William Gibson Reveals His Favorite Science Fiction

William Gibson's new novel, <a href=William Gibson, generally credited as one of the progenitors of the cyberpunk genre of sci fi (Neuromancer being one of the seminal novels in the genre), has given New York Magazine a list of his favorite science fiction novels:

Tiger! Tiger! (1956)
By Alfred Bester

It’s also known as The Stars My Destination. My favorite literary expression of mid-century Manhattan, and I doubt I’d have written without having read it.

Dhalgren (1975)
By Samuel R. Delany

It won’t work unless you can allow it to become your head for a few weeks; it helps if you’re rather young. Closest thing I know to a great “sixties” novel.

Arslan (1976)
By M. J. Engh

A very different sort of alien invasion: America as Earth. One of the best works of science fiction you probably haven’t heard of.

The Crystal World (1966)
By J. G. Ballard

It’s hard to pick just one Ballard, but you could certainly start with this.

The Forever War (1974)

By Joe Haldeman

The most adult and intelligent novel of military science fiction.

Pavane (1968)
By Keith Roberts

The Roman Catholic Church still rules England in 1968, Protestantism having been destroyed in the wake of the 1588 assassination of Queen Elizabeth…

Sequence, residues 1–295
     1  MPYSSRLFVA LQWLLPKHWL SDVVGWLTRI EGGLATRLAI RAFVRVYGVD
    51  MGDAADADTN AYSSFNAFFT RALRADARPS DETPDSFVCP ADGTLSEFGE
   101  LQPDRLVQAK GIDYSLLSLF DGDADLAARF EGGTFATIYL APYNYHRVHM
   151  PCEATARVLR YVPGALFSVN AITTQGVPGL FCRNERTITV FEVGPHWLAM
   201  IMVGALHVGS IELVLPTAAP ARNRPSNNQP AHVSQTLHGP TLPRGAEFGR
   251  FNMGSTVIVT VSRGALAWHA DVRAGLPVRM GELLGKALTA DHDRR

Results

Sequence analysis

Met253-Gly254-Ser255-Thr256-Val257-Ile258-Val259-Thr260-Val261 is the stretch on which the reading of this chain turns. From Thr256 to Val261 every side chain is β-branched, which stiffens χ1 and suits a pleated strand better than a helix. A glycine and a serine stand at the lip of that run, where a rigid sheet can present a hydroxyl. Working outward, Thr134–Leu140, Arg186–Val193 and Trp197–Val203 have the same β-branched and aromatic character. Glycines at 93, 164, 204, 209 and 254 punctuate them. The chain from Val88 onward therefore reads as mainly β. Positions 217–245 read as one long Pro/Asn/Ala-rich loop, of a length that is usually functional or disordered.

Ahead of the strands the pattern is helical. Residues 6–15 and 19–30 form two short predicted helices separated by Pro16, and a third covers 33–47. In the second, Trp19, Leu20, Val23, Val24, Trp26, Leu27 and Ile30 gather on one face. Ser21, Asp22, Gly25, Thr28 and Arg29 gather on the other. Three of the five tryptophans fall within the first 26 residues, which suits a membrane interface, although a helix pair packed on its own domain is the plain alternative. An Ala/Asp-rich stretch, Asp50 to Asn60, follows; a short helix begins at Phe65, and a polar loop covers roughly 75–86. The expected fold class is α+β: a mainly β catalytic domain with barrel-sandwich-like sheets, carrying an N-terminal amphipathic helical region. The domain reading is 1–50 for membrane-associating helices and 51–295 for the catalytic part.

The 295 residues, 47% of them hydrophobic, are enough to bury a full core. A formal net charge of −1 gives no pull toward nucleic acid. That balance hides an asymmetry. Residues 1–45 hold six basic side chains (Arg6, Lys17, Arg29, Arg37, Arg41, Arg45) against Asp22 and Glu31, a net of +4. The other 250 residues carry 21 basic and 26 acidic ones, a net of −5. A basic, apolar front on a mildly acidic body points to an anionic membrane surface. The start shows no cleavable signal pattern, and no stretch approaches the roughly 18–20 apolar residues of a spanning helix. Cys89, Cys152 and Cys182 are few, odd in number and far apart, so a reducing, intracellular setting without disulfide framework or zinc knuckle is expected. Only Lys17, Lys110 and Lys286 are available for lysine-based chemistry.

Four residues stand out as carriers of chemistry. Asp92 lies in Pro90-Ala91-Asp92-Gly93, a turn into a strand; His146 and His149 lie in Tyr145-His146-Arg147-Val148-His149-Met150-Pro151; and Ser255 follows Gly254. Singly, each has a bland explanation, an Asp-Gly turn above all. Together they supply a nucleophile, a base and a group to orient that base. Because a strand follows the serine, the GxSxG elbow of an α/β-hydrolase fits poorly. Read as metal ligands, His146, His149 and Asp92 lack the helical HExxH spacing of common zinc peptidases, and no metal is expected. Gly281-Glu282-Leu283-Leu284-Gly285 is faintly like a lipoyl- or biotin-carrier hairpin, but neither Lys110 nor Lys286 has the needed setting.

[continues in New York Magazine]

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  • All_Day_SCI-fi

    Check out The Brain (1948) by Heinrich Hauser.

    It is very interesting in comparison to Neuromancer (1984).

    http://www.gutenberg.org/files/32498/32498-h/32498-h.htm

    The movie GOG (1954) was largely derived from it. It isn’t bad for a 1954 sci-fi movie. Better acting would have helped a lot though.

    Gibson doesn’t like Asimov, Heinlein or Clarke.

  • All_Day_SCI-fi

    Check out The Brain (1948) by Heinrich Hauser.

    It is very interesting in comparison to Neuromancer (1984).

    http://www.gutenberg.org/files/32498/32498-h/32

    The movie GOG (1954) was largely derived from it. It isn't bad for a 1954 sci-fi movie. Better acting would have helped a lot though.

    Gibson doesn't like Asimov, Heinlein or Clarke.

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